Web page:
Warning note to women

Warning note to women

Warning note to women

Common complaints which a gynaecologist encounters in daily practice include menstrual problems, vaginal discharge, infertility, premenstrual tension and lower abdominal and lower back ache. Sometimes, gynaecologists also come across very specific complaints like precocious puberty, failure of onset of menstruation and premature menopause. However, a symptom, which is rarely mentioned in textbooks and which may confuse the gynaecologist, is continued menstruation, or in other words failure to attain menopause even at the age of about 51.

Puberty and menopause are important milestones in a woman’s life and should happen at specific time periods. And if they happen too early or late, it not only causes a lot of mental distress, but is also harmful to the reproductive and physical health of the woman.

Premature menopause is more the commonly encountered problem and it has an adverse impact on the woman's heart and bones. Late menopause is, comparatively, a rarely encountered problem, and longer functioning of the ovaries may actually benefit the woman's heart and bones.
Western literature states that the mean age for menopause to occur is 50-51 years. Menopause occurring before 35 years is premature and occurring after 56 years is late menopause.

However, Indian women attain menopause in the mid-forties, probably due to poorer build and nutrition. Genetic factors may also play a role. Women with chronic ailments or a history of receiving chemotherapy and radiotherapy also attain menopause earlier than usual.

Women who have undergone hysterectomy and/or removal of both ovaries attain surgical menopause.  Menstrual pattern changes in most women as they approach menopause. Cycles become more frequent or infrequent, bleeding becomes scanty or excessive. Gynaecological cancer should always be ruled out in any middle aged woman with irregular bleeding. Vaginal bleeding after menopause, and after coitus, no matter however small in amount, are very ominous symptoms, and one shouldn't delay medical intervention to rule out the possibility of cancer.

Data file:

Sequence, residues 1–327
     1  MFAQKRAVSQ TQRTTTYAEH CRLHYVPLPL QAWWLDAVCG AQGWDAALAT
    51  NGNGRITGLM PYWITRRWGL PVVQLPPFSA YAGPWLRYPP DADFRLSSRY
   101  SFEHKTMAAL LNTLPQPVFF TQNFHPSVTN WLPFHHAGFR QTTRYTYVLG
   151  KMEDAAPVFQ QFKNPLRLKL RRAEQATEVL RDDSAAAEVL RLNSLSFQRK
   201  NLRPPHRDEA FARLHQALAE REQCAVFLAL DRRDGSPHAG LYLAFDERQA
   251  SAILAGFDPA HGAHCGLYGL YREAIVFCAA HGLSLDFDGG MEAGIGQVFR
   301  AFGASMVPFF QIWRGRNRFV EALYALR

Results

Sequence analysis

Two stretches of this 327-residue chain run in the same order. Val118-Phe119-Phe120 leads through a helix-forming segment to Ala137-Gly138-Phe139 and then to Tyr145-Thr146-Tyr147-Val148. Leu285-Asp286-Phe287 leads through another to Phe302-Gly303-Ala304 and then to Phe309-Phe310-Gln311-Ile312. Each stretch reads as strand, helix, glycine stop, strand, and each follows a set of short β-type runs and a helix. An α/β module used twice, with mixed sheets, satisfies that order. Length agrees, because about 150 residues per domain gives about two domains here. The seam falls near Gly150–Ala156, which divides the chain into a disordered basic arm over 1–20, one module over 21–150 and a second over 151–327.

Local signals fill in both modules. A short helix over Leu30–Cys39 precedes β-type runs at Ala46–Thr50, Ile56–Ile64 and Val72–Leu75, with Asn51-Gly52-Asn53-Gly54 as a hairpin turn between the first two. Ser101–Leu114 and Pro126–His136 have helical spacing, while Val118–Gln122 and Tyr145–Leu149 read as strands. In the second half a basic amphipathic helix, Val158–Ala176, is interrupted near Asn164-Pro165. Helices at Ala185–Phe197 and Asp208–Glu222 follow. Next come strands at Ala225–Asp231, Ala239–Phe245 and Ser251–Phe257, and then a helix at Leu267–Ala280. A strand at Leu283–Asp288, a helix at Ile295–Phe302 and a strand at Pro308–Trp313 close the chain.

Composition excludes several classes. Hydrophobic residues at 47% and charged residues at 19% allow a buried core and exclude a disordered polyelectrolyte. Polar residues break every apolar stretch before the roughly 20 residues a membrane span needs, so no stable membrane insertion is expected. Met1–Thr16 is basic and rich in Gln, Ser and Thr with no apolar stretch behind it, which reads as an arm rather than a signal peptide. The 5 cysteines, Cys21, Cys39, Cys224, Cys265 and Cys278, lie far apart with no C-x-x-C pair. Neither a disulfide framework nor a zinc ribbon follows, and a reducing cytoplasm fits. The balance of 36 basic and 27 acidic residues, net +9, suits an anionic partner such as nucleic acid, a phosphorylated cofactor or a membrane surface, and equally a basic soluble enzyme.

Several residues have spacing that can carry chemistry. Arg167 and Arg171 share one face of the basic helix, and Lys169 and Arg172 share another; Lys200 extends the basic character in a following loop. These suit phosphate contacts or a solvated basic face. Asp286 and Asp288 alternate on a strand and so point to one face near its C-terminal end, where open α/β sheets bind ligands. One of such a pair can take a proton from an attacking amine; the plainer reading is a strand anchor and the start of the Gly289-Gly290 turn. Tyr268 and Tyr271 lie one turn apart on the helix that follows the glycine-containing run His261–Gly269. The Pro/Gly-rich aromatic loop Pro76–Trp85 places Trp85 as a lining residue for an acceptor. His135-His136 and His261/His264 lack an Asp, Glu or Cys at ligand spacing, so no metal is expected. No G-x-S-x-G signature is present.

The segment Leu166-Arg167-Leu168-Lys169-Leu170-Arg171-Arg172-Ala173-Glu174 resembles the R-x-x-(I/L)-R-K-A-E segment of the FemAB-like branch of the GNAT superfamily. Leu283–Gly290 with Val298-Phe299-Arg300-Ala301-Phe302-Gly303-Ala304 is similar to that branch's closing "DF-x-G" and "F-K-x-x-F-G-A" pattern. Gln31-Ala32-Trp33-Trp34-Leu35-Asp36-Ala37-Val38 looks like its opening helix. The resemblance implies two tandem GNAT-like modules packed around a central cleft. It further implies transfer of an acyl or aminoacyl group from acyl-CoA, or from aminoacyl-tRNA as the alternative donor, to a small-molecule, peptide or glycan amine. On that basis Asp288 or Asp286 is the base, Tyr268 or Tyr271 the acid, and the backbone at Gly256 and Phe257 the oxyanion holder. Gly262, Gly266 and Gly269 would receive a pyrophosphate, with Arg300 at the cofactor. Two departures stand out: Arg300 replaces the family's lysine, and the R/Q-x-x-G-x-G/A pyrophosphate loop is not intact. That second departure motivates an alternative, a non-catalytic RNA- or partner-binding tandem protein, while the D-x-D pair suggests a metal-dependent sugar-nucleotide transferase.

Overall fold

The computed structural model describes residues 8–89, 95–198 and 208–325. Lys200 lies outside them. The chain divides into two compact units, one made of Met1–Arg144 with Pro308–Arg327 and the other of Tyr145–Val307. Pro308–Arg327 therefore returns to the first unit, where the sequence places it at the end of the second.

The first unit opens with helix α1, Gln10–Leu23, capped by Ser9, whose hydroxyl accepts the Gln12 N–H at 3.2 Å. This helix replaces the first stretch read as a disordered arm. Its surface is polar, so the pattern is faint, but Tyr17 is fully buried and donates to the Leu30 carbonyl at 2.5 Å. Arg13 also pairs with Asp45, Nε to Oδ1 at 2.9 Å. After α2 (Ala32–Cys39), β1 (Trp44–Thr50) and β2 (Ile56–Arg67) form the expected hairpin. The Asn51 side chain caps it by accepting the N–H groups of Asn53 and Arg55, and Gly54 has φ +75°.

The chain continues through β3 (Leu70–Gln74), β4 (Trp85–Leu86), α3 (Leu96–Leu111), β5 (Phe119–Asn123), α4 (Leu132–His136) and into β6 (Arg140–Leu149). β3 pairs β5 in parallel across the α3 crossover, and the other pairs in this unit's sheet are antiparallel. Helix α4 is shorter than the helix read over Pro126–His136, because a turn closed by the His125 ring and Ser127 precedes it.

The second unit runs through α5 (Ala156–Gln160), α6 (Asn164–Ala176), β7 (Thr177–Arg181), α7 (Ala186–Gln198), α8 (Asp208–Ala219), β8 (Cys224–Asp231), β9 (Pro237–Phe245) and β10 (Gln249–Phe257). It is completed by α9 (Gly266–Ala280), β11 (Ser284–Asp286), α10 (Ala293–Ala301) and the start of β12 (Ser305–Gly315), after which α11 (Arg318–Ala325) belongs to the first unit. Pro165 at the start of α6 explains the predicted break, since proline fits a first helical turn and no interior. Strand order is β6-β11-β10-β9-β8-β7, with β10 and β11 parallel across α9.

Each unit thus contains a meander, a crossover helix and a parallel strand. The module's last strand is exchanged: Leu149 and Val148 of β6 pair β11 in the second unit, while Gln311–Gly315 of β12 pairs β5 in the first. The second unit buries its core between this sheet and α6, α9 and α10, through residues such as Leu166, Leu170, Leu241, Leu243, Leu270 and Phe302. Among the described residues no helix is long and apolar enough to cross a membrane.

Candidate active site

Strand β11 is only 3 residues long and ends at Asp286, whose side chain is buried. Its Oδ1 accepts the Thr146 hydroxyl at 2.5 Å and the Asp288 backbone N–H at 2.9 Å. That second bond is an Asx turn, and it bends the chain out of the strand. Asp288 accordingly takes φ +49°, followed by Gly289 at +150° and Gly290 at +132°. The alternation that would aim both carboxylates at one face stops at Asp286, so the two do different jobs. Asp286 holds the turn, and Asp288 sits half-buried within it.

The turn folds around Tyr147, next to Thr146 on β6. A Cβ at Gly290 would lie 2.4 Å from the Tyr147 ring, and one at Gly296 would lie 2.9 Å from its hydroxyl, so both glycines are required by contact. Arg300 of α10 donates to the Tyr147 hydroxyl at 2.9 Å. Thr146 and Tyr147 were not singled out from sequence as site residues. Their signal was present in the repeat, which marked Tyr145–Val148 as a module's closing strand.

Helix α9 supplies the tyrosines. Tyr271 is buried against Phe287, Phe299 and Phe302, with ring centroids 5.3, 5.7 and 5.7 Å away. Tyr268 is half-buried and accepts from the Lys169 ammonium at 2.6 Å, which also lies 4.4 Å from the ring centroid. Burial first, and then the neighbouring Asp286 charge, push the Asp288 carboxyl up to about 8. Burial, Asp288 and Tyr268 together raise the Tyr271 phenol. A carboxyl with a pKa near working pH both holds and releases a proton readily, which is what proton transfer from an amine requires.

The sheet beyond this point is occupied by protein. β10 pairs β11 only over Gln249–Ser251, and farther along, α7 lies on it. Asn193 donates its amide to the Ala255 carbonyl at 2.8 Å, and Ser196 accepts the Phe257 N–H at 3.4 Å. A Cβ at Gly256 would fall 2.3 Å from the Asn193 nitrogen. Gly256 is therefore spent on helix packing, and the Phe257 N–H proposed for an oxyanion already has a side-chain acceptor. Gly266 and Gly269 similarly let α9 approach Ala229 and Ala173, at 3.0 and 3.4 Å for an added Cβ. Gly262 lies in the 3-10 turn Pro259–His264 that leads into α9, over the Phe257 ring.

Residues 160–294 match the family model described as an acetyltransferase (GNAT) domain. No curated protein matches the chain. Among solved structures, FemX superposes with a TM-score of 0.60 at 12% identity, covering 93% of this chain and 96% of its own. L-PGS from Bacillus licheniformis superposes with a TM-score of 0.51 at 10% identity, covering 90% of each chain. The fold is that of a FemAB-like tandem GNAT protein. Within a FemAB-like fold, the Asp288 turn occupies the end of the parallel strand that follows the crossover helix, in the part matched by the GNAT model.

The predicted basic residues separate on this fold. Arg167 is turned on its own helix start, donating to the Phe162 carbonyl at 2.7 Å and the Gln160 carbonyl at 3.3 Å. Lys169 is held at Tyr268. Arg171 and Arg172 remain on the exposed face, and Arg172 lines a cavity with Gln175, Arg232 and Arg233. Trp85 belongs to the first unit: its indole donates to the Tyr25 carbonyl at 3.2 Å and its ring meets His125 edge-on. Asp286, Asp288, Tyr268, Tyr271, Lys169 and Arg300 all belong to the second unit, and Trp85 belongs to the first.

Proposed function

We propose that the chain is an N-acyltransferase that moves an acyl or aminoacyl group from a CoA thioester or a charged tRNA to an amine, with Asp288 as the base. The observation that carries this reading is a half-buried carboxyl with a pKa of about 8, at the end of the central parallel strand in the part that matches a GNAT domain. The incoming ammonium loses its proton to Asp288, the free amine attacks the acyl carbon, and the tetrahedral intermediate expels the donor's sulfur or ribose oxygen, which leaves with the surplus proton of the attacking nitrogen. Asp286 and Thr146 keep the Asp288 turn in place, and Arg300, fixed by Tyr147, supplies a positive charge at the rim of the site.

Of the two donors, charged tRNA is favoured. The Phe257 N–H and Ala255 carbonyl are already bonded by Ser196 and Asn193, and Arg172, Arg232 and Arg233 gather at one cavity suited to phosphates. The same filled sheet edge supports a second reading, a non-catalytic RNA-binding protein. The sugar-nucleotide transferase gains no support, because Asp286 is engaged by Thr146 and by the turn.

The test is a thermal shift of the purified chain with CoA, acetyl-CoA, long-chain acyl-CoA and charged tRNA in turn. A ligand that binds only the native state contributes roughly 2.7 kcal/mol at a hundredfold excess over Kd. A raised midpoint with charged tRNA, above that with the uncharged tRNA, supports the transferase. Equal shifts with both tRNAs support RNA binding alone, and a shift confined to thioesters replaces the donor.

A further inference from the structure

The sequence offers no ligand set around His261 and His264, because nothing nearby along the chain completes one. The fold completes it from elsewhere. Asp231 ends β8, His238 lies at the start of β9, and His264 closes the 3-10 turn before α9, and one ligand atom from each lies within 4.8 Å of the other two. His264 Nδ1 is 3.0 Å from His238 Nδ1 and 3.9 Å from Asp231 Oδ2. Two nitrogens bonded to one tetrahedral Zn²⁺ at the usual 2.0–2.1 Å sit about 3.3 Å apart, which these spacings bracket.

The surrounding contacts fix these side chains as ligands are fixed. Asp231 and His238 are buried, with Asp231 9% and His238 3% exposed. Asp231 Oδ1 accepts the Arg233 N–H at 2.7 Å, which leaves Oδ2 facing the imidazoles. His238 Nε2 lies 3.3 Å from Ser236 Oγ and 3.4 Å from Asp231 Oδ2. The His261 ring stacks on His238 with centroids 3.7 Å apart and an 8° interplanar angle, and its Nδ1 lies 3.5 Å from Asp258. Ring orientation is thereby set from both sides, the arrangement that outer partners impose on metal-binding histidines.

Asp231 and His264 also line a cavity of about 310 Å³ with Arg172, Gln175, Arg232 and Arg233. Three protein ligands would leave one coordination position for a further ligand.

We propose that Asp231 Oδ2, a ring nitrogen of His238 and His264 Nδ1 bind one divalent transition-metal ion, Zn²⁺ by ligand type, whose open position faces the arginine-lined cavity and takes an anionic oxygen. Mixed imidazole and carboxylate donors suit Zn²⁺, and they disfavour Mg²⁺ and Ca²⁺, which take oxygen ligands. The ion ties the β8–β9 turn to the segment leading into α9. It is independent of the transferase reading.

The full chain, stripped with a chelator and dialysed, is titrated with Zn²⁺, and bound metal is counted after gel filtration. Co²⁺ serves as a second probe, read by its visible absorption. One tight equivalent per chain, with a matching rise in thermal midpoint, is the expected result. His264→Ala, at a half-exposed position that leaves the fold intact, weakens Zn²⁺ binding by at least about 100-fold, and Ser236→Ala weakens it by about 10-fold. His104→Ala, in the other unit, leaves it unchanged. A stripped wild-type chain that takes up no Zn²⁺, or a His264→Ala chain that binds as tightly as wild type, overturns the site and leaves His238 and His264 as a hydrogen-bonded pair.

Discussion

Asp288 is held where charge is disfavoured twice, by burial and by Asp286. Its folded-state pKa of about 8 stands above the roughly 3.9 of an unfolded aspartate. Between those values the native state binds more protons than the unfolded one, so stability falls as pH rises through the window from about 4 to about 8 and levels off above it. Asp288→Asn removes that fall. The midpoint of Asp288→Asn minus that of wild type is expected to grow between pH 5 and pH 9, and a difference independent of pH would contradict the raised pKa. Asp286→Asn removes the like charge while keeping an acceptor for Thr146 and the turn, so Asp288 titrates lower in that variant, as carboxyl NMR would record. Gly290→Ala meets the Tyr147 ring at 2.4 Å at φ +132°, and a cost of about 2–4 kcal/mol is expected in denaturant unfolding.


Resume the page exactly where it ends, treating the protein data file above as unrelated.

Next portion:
The trouble therefore is when a woman reports continued menses beyond the age of 51 years, having a menstrual pattern not different from the one she has been having for the preceding few years.

Understanding the risks
Menstrual cycles in older women tend to be anovulatory, which means there is no release of 'egg' (therefore, older women also face the problem of infertility). Such cycles increase the risk of endometrial cancer (cancer of the lining of the uterus, which is the commonest gynaecological cancer in the west and the second commonest gynaecological cancer in India after cervical cancer). Obviously, if menses continues well beyond the age of 51, the woman has a higher risk of endometrial cancer, due to longer exposure to anovulatory cycles. The risk is increased if the woman is a diabetic and obese. Late menopause also poses a slightly increased risk for breast cancer. Therefore, all women with continuing menses beyond 51 years should be made aware of the potential risks.

Necessary tests
A pap test (a compulsory investigation which should be done in all women at regular intervals after marriage/sexual debut) and a gynaecological examination should be done. Self examination of the breast at regular intervals should be practiced by all women. Colposcopy (examination using a low power microscope to look for any abnormal area before it becomes visible to the naked eye) should be done when a pap test is found abnormal. Pap test and colposcopy are simple tests consuming only a few minutes, not costing more than a few hundred rupees in most centres in India.
A pelvic ultrasound scan and examination under anaesthesia with curettage may be advised by the doctor if any pelvic/ovarian mass or an increased endometrial thickness is found on ultrasound scan. Though majority of the women will probably have no abnormality, an opportunity must not be lost to detect possibility of early cancer and to impart awareness.